Amazon EKS vs. Amazon ECS vs AWS Fargate

The Amazon Elastic Compute Cloud (EC2) may just be the most fundamental and important service in AWS. Many other services in the AWS ecosphere are built on top of EC2. You can think of an EC2 as an individual server. However, if you look underneath the hood, an EC2 is not implemented as a physical server, but rather as a virtual server. A virtual server is a “slice” of a physical server. A physical server can support multiple virtual servers and make it appear like it is multiple instances. On the other hand, a container is also an artifact that “slices” up a physical server and makes it appear like it is also multiple servers.

So, if an EC2 is a virtual server and virtual servers “slice” physical servers, why do we need containers? The one-word answer is elasticity. What do we mean by that? Even though the E in EC2 stands for “Elastic”, EC2s are not that elastic. Anytime you provision an EC2 and don’t give it a workload right away or you assign it a small workload that doesn’t use much of the memory, this will cause the CPU idle time to be relatively low and the server will be wasted doing nothing.

If you have variable workloads that require a lot of capacity one moment and not much capacity the next, if you are only using EC2s and not containers, you will be forced to provision an expensive instance type that will remain idle when there isn’t much demand.

On the other hand, if you are able to use containers for this use case, the underlying architecture will provision and shut down instances as needed without any manual intervention. In this case, you will be able to use a set of less expensive instance types. The system will automatically provision more servers when demand is high and shut down any unneeded servers when demand is low.

One of the first entries in the container field is Docker. Many of the AWS services that offer containerization use Docker as a core technology. Some of the container services offered by AWS are:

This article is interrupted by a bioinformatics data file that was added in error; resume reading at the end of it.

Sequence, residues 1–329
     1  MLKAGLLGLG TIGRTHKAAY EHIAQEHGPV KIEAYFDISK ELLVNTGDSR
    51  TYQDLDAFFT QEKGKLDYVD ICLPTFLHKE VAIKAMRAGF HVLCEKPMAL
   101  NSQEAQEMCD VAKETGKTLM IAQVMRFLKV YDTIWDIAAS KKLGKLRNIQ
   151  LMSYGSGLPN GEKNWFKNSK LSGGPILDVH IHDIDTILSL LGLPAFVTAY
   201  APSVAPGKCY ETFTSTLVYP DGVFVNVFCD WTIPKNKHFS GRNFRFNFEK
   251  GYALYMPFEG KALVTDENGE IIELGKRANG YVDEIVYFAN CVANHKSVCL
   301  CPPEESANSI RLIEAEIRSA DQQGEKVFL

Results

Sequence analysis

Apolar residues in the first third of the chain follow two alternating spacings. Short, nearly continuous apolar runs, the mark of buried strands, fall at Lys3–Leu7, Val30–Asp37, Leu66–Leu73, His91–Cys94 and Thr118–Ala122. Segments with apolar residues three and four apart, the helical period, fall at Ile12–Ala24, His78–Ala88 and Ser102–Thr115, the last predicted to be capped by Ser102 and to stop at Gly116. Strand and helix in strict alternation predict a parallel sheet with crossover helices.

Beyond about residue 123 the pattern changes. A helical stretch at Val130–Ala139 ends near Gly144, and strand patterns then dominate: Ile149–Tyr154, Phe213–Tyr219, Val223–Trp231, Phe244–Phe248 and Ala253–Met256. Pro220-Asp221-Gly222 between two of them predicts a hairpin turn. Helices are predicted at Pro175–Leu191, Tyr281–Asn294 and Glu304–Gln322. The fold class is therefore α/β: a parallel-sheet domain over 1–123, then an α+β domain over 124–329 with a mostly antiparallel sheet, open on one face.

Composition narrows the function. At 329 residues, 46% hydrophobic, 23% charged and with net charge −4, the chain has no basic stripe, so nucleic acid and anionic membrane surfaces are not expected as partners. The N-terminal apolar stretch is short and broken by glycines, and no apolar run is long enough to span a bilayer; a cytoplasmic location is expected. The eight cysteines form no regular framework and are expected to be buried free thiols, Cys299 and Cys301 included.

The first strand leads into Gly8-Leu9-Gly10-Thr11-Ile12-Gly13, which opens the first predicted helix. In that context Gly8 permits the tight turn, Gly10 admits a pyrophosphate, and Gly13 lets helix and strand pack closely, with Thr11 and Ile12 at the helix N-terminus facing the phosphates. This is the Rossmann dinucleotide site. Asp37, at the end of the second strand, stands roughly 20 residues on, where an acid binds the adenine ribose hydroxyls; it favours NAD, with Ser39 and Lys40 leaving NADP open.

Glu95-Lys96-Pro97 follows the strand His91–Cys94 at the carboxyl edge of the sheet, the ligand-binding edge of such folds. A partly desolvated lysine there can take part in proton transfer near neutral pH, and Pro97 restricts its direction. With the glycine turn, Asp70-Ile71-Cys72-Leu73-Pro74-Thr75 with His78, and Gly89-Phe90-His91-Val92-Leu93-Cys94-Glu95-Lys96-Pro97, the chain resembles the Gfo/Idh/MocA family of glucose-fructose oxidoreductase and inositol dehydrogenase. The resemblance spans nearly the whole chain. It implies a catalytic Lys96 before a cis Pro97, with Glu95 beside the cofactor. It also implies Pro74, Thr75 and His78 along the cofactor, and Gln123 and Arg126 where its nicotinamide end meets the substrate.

• AWS Fargate
  • Amazon ECS (Elastic Container Service)
  • Amazon EKS (Elastic Kubernetes Service)

Docker was initially released in 2013 at the PyCon conference. From the beginning, it caught fire. And a year later, Amazon released the Amazon Elastic Container Service (ECS).

Amazon Elastic Kubernetes Service (EKS) was released much later in 2018. And it wasn’t until April 2019 that AWS Fargate was launched.

So how do these services stack against each other? When should I use which? Let explore that.

Amazon ECS

Amazon ECS can be described as Amazon’s “Docker” as a service. It provides the management of the underlying infrastructure and enables us to focus on building applications and services on top of this infrastructure. Could we install Docker ourselves on a fleet of EC2s? Yes, you can but that would mean that we would have to manage the management, patching, workload distribution, scheduling, and recovery ourselves. That is not a trivial task. In rare cases, it may make sense to keep complete control and deploy Docker directly but make sure that you are able to justify to your boss why you decided to go with this option.